There there are more streaming choices than ever before, but that hasn’t stopped prices from going up time and time again; here’s why it keeps happening…
Netflix. YouTube TV. Hulu. Disney+. Amazon Prime Video. The list goes on and on, and there are even more to come. Everyone knows that when there’s an abundance of a product or service, the cost of that product or service goes down. It’s simple supply and demand economics. But, if that’s true, why do streaming platforms keep on raising their monthly subscription fees?
Turns out, there are understandable answers as to why this is occurring. More particularly, there are three principal factors are driving this price-hiking phenomenon. Unsurprisingly, the proverbial devil is in the details.
3 Reasons Why Streaming Service Prices Keep Rising
Let’s take YouTube TV as an example. Introduced in February 2017, the streaming service by Google cost only $35 per month. That price eventually rose to $50 per month, and now it’s up to $65. (Hulu and Netflix have also incrementally raised their prices, as well.)
So, why does this keep happening, despite the fact there are more streaming providers than ever? Aren’t prices supposed to go down when there there’s a bigger selection among consumers? Usually, yes. But that’s not the case in this instance. Here are the three biggest factors behind the price increases:
- Licensing content. Every streaming platform licenses content from movie studios and television networks. And those content creators like to get their money’s worth for such deals. How much? Well, it cost Netflix an eye-popping $500 million to get the rights to Seinfeld, which will stream on the platform next year. While this is certainly an extreme example, networks and studios aren’t exactly giving their content away at bargain basement prices.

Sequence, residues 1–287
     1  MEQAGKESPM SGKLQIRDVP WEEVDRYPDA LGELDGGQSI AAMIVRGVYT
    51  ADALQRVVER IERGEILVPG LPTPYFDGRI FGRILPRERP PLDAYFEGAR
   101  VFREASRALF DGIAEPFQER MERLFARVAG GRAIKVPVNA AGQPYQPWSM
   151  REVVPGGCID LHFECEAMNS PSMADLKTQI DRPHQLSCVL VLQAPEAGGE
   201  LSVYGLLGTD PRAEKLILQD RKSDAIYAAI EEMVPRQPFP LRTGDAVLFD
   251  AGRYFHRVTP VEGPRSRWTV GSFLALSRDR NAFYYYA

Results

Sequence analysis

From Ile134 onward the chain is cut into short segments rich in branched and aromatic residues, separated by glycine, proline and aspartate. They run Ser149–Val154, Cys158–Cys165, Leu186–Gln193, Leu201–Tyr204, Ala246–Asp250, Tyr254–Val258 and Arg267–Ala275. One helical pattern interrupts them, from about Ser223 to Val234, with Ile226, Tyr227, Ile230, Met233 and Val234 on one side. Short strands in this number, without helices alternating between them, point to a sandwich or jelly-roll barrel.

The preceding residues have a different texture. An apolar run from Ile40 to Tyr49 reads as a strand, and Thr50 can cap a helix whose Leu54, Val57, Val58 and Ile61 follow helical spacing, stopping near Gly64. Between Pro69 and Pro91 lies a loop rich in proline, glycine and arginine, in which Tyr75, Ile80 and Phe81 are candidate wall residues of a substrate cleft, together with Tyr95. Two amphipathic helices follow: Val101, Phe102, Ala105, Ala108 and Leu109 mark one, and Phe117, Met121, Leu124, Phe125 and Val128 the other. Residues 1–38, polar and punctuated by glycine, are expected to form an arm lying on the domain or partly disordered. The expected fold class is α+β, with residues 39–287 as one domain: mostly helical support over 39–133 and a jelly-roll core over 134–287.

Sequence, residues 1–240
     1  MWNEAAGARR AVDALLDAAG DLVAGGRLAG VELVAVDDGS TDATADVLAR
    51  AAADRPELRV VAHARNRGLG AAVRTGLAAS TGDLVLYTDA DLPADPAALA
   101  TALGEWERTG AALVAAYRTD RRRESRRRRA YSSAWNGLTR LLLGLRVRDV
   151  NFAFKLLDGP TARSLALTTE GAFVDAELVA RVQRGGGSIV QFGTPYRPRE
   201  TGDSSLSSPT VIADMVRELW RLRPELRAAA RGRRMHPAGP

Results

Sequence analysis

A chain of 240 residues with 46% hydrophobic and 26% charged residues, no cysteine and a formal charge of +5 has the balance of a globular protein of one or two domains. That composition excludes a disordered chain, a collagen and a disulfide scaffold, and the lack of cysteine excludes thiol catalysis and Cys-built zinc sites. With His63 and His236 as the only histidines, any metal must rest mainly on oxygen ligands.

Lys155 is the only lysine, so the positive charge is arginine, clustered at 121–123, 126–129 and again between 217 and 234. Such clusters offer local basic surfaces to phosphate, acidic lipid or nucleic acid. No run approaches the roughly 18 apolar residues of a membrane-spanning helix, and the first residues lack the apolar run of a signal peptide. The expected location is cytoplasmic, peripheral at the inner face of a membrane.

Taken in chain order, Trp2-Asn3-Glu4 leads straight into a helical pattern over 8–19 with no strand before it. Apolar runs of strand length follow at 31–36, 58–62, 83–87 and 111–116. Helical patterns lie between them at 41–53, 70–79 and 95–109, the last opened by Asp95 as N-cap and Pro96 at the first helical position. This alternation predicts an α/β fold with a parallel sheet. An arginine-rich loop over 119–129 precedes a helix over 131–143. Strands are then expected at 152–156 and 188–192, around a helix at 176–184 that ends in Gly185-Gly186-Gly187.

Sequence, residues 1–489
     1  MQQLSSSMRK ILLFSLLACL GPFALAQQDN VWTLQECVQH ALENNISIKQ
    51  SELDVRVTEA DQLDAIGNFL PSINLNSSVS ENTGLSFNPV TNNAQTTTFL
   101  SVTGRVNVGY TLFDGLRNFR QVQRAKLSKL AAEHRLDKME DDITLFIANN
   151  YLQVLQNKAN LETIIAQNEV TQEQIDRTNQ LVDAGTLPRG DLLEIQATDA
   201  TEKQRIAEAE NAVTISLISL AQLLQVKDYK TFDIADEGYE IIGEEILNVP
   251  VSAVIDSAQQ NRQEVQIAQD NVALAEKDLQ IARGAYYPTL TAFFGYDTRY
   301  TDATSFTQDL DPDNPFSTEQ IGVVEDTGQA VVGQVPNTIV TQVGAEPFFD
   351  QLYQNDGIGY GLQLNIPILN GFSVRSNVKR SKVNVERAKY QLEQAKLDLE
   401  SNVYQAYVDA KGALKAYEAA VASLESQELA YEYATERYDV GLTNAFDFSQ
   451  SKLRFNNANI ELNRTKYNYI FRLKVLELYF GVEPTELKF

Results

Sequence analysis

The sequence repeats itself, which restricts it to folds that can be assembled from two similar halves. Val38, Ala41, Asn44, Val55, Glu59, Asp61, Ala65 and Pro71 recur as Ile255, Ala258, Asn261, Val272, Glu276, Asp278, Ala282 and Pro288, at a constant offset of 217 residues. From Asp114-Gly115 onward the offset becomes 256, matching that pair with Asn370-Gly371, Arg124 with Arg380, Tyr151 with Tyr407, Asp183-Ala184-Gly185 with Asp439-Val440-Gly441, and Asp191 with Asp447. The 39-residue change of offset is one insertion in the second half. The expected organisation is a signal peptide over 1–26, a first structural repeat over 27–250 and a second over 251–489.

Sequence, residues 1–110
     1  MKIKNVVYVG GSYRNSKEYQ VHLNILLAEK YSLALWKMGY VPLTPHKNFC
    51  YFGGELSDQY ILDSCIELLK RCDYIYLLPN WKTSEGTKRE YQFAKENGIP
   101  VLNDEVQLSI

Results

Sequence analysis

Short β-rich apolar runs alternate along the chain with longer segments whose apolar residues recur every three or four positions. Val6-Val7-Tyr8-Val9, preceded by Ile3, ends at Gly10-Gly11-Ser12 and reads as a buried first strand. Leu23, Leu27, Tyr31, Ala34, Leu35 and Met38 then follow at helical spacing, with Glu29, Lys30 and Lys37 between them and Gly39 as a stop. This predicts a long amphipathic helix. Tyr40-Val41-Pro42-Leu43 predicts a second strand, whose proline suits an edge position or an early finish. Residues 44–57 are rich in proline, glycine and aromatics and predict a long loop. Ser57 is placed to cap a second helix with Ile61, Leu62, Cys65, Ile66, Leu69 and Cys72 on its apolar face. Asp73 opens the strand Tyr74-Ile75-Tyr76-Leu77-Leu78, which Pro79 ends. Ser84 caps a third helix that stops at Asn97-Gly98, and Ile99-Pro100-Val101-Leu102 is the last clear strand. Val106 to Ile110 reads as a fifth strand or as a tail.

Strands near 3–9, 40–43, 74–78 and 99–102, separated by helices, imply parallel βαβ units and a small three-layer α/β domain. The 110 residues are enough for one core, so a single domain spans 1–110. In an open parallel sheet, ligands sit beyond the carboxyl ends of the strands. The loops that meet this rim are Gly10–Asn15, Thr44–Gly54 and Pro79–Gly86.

- Original content creation. Licensed content in a streaming service’s catalog won’t suffice to retain customers or even attract new subscribers. So, original content is a necessity and that necessity is very expensive. For instance, Netflix will spend approximately $17 billion dollars this year alone on its original content.
- Networks prefer bundling channels. Networks don’t like to parcel out there properties in singles or even doubles. They would rather sell them in large packages. Of course, that ups the price and that expense is partly passed on to the customer.
There is a fourth reason — it costs more money to host bigger content libraries. Server space is yet another expense, as is the cost of hiring, training, and retaining employees.